A year after student walkouts, there’s some progress, but Memphis teens still don’t feel heard

A Memphis student may soon sit on the Shelby County Schools board following student demands last year for more input into district decisions, a spokeswoman said.

The idea is still in its early stages and has not been presented to the school board yet, chairwoman Shante Avant said. State law allows up to four students to hold a non-voting seat on school boards. For example, Hamilton County has had a student representative since 2001.

The student would be elected from Student Congress, a district leadership training program for students from most of the district’s more than 30 high schools.

The initial efforts to provide a new platform for student concerns comes a year after Memphis student leaders joined walkouts across the nation seeking safer schools in the wake of a deadly shooting in Parkland, Fla. After the walkouts, some students called for the school board and other district leaders to change how the district operates.

Superintendent Dorsey Hopson met with student leaders from Shelby County Schools and other Memphis-area schools last year to discuss their planned walkout to protest gun violence in the wake of a shooting rampage at a Florida high school. (Shelby County Schools)

Some student concerns were already being addressed by the district, even before the walkouts, such as hiring more school counselors and advocating against arming teachers with guns. Others were launched later, such as training for educators to spot childhood trauma, creating a student affairs department, adding an upcoming phone application to report sexual harassment and bullying, and adding more mentor groups for black boys, the district noted.

The district also expanded Shape, an existing program to divert youth from juvenile detention, to include tutoring, improving social skills, monitoring behavioral progress, and teaching conflict resolution.

However, even with these changes, student leaders are not as optimistic about progress as leaders are from Shelby County Schools.

Savanah Thompson, a sophomore at White Station High School who helped coordinate walkouts, said she was pleased the district hired a full-time coordinator to handle investigations into sexual harassment and gender discrimination complaints from students. Those duties, required by federal law under an amendment known as Title IX, were previously handled by an employee with other job responsibilities, which students argued was insufficient to handle the volume in a district of more than 100,000 students.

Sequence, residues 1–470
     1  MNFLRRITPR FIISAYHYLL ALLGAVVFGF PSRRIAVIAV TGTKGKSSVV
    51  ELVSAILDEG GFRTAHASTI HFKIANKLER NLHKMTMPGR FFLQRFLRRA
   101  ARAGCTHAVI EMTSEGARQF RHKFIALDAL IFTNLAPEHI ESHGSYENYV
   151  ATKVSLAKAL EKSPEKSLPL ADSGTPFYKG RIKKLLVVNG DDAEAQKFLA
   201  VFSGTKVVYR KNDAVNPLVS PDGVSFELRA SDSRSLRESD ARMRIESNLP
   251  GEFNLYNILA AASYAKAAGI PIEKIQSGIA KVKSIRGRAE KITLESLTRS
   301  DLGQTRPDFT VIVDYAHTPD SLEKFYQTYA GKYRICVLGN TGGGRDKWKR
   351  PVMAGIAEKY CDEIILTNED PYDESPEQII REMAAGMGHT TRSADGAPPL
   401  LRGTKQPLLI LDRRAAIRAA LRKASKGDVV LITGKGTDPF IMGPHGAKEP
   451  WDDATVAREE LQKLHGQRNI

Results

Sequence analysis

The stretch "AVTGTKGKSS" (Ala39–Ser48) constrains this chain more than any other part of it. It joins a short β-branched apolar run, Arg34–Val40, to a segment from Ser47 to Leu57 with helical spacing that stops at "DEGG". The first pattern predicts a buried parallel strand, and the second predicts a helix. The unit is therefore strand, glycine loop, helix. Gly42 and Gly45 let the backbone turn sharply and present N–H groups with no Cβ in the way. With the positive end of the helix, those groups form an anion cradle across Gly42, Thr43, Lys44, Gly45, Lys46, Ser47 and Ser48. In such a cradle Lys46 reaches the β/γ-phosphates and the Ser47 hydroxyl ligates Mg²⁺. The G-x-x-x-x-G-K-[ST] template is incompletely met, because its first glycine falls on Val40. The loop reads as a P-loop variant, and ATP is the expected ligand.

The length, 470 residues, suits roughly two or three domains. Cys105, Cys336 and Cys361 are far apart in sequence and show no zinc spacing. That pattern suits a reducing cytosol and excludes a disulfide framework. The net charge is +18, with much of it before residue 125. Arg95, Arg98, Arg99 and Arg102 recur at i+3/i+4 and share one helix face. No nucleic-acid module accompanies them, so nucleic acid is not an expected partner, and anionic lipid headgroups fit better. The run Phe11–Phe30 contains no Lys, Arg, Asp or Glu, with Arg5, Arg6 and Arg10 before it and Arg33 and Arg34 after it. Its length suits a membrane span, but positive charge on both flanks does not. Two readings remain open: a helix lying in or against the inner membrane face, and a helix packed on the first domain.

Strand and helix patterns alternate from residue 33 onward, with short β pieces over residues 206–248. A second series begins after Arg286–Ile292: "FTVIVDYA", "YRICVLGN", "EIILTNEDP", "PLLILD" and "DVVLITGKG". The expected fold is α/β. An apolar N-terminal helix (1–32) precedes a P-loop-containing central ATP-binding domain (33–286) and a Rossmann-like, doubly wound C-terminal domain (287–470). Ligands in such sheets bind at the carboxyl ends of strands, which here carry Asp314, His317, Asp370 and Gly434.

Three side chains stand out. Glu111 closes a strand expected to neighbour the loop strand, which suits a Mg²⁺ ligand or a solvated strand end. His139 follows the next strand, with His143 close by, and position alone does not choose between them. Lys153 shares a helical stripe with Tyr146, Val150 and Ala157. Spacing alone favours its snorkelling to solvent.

“I really think that may be the only demand that has truly been addressed and we have a long way to go even on that,” she said.

But she was unaware of any other progress by the district. She said no changes had been communicated to her and the rest of the student group, including adding a student board member.

Board member Joyce Dorse-Coleman said a student member would add a key voice as the board makes decisions.

Miska Clay Bibbs, board member for Shelby County Schools (Joe Rondone/The Commercial Appeal)

But not all board members support the idea. Miska Clay Bibbs said the demands of the position could compromise a student’s academics. She gave an example of a previous school board committee that initially included two student representatives, but the students ended up only attending a fraction of the meetings because of their studies and extracurricular activities.

“My first main concern would be the time demand. We meet more than any elected body in the city. That’s something people don’t think of,” Bibbs said, adding she hopes to find other ways to add student voices. “Their first goal should be to graduate and to graduate with honors.”

Khya Cooper, a junior at Whitehaven High who organized a walkout there, said she has not been as involved with the district-level conversations, but has met with her school administration to find alternatives to out-of-school suspensions.

She said there is more student organizing to do.

“As far as the walkout I don’t think much has happened since then,” she said. “That has not happened yet because a lot of youth have not gotten together to get stuff done.”